Bridgette Canal barely had time to stress over upcoming finals for her five classes.
Instead, Canal, a sophomore majoring in psychology, said she has been stressed over creating a stress management and coping skills event that will take place today at Crescent Hill, behind the Marshall Student Center.
The daylong “Stress Out Day” event, which is from 10 a.m. to 2 p.m., will feature stress-busting tips from Responsible Education and Action for Campus Health (REACH) peer educators, who will assist students in making stress relief “squeeze balls.”
The day will also include relaxing music, free healthy food from Evos and sporting equipment rented from the Campus Recreation Center for games such as tug of war.
Canal is president of the event’s sponsoring organization, USF Active Minds, a student group geared toward raising awareness of mental health issues on campus. She said the goal of the event is to help students prepare for finals week.
“We’re not going to have it during finals week because people would be too busy then,” she said. “Essentially, we want people to learn about better coping skills and have a day of fun before finals. We want to provide information about the stress that everyday college students experience. (We want to show) there are healthier coping mechanisms out there than what most people do, like eat unhealthy or smoke cigarettes.”
Diane Zanto, senior director for Student Health Services, said she believes stress affects the college demographic, more than the average population.
“This is because of the number of changes that college students are experiencing,” Zanto said. “For the first time they need to use time-management skills, learn how to do their own laundry, make choices about food and manage their own transportation … All of this change, even if positive, is still very stressful.”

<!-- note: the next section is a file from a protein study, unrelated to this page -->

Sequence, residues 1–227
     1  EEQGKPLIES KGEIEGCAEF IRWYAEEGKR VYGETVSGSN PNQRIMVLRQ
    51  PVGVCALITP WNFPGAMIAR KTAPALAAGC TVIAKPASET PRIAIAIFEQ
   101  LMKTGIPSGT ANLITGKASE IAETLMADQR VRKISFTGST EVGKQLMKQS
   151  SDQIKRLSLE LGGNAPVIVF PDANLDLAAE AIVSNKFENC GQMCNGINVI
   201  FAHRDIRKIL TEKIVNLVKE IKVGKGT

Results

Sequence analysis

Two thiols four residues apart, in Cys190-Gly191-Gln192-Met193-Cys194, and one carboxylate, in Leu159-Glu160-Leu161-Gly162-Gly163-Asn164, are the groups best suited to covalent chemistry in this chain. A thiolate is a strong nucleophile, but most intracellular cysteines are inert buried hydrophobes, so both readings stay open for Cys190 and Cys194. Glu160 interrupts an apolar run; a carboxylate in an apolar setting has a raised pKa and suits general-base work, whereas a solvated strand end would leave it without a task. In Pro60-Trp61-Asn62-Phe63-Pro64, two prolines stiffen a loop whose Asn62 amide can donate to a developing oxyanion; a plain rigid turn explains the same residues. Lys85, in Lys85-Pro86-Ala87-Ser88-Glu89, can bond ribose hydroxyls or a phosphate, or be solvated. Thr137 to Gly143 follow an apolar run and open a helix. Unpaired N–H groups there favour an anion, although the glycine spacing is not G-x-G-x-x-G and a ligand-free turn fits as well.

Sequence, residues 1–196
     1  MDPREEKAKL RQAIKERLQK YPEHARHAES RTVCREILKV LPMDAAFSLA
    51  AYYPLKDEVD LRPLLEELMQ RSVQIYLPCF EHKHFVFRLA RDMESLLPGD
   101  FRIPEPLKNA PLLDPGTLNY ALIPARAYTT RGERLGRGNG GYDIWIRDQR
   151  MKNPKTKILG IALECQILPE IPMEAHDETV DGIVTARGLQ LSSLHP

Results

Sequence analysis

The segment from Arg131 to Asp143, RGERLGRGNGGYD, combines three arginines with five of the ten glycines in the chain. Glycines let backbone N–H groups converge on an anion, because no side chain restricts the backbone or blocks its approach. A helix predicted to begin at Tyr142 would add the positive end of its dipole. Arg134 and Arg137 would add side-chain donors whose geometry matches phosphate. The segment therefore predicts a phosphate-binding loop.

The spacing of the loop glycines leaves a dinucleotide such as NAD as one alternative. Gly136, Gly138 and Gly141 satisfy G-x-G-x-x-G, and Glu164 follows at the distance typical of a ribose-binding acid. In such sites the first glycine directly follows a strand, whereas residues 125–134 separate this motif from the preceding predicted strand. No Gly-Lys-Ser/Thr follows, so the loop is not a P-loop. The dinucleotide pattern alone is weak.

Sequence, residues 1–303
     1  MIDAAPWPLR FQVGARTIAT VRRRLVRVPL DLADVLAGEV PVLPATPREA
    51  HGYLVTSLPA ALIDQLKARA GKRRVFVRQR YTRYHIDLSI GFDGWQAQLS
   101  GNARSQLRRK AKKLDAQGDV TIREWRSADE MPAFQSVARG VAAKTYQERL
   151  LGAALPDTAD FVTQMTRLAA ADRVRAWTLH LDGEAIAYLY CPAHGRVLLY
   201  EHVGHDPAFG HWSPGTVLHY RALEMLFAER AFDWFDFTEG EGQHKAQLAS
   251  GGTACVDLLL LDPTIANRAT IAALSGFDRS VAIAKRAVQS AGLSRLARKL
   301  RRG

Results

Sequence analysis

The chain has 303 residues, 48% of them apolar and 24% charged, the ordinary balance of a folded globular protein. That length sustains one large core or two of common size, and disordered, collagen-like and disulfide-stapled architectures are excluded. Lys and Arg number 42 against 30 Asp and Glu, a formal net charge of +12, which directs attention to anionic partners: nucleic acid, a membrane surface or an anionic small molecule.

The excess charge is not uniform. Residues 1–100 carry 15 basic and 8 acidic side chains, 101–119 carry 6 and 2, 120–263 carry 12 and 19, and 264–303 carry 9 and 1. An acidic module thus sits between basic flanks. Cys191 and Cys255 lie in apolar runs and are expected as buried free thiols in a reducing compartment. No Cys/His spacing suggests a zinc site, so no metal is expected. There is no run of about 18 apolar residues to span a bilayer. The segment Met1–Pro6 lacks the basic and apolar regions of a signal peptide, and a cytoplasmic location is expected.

The event is being hosted by chapters of Active Minds on campuses across the country today.
Canal said mental health is an issue that often gets skirted by young adults.
“We want to reduce the stigma associated with getting help,” she said. “There’s a huge stigma with getting help. Everybody should be able to (see a psychologist). The Counseling Center offers 10 free sessions and nobody knows that. I didn’t even know that until I was in Active Minds.”
Canal said she knows students who frequently pull all-nighters and take psycho-stimulating prescription drugs, such as Adderall, to cope with stress levels they can’t handle.
“College students’ (coping) mechanisms are super poor,” she said. “You always see (them) smoking cigarettes outside the Library. Late-night Taco Bell runs or even the late-night dining hall runs are super unhealthy. Not dealing with your own personal stress can lead to anxiety disorders and has such negative effects on your body.”
Zanto said students should take control of the ways they respond to stress, as opposed to stress itself, which is often beyond one’s control.
“Coping mechanisms really revolve around making healthy lifestyle choices,” she said. “Getting enough sleep and exercising routinely are some of the healthiest coping mechanisms. Talking to friends and family, getting engaged in the campus community are also great stress outlets. If stress levels get too high and students feel overwhelmed, they are less likely to do well in their academics and may begin to feel overwhelmed or depressed or get physically ill. Time management is also critical to stress management. Procrastination can be the source of lots of stress.”
Canal said she, too, hopes to learn about better coping skills at the event.
“Even though things are really stressful and I have a lot on my plate, I can still cope with it in healthier ways,” she said. “I am very stressed a lot and I’m hoping to learn personally about better coping mechanisms.”